The National Transportation Safety Board determines the probable cause(s) of this accident as follows:
The student pilot's improper flight control inputs resulting in the loss of control during the landing flare.

The flight instructor and student pilot were practicing landings to a full stop. During the 6th landing, the student pilot over controlled the airplane during the landing flare. The flight instructor attempted to correct the flight control inputs; however, he was unable to overcome the strength of the student pilot on the flight controls. The airplane struck a bank of snow on the left side of the runway and nosed over. The left wing and fuselage were substantially damaged. The flight instructor reported no pre-impact mechanical malfunctions or failures with the airplane that would have precluded normal operation.

Man Steals Van and Then Attempts To Enter Plane: Lakeland Linder Regional Airport (KLAL)

 
Gregory A. Hock, 37, of Lakeland is charged with two counts of grand theft, one count of trespassing, one count of burglary and resisting arrest. (Photo: Lakeland Police Department)


LAKELAND — On the run, a suspect did his best to fly away. 

 He tried to get into a plane that was about to take off, the Lakeland Police Department reported.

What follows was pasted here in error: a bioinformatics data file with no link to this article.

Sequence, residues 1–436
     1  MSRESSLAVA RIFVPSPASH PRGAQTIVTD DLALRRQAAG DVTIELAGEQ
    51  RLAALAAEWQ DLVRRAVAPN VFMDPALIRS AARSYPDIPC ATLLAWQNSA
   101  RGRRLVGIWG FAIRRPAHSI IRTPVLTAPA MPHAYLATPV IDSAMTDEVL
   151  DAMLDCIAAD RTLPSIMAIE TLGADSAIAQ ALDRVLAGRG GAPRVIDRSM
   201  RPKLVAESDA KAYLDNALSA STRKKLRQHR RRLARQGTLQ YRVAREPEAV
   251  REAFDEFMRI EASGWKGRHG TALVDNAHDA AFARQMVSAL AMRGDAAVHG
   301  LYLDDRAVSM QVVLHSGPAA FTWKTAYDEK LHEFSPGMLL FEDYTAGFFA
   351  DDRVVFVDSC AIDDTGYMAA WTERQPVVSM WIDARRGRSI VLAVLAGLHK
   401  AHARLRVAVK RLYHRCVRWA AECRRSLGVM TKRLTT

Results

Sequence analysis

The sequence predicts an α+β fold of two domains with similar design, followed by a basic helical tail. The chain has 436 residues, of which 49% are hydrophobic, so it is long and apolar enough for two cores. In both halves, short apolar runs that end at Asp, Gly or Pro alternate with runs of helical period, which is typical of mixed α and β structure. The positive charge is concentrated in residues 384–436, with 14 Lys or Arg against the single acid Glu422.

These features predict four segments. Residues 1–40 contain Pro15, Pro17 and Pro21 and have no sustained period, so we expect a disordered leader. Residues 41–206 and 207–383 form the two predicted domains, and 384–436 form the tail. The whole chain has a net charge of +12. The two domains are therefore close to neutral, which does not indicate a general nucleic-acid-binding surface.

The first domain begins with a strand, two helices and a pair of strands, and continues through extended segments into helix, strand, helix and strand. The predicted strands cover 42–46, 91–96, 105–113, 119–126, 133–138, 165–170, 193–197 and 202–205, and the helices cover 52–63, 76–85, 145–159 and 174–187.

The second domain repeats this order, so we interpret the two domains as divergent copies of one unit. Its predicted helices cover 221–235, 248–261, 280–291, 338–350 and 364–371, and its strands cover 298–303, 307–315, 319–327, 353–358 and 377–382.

Before all that, Lakeland police said Gregory Hoch, 37, stole a van on Harden Boulevard and drove 5 miles to Lakeland Linder Regional Airport on the run from a man who may have seen him enter the van near Lakeside Village.

In the end, Hoch, of 619 Charles St., was charged with two counts of grand theft, one count of trespassing, one count of burglary to an occupied conveyance (airplane), and resisting arrest without violence, Lakeland police reported.

After his arrest, police said Hoch told Lakeland police Lt. Eric Harper that he wanted to make the pilot fly him somewhere.

“I was just trying to get away from you,” Harper said Hoch told him.

The incident started about 2 p.m. Thursday while surveyor Allen Stokes Jr., 32, of Orlando, was working at 3304 Harden Blvd., at Lakeside Village, for National Data and Surveying Services.

Stokes had stepped out of his 2008 Dodge van and was removing tools from the rear of the vehicle when he saw a man riding by on his bicycle. Seconds later, the man was driving away, police reported.

A witness, Gregory Mulvihill, 58, of Clearwater saw Hoch get into the van and suspected it had been stolen. He called police and began to follow the van.

At one point, Hoch hit a curb and blew a tire, but continued down the road for 5 miles to Lakeland Linder.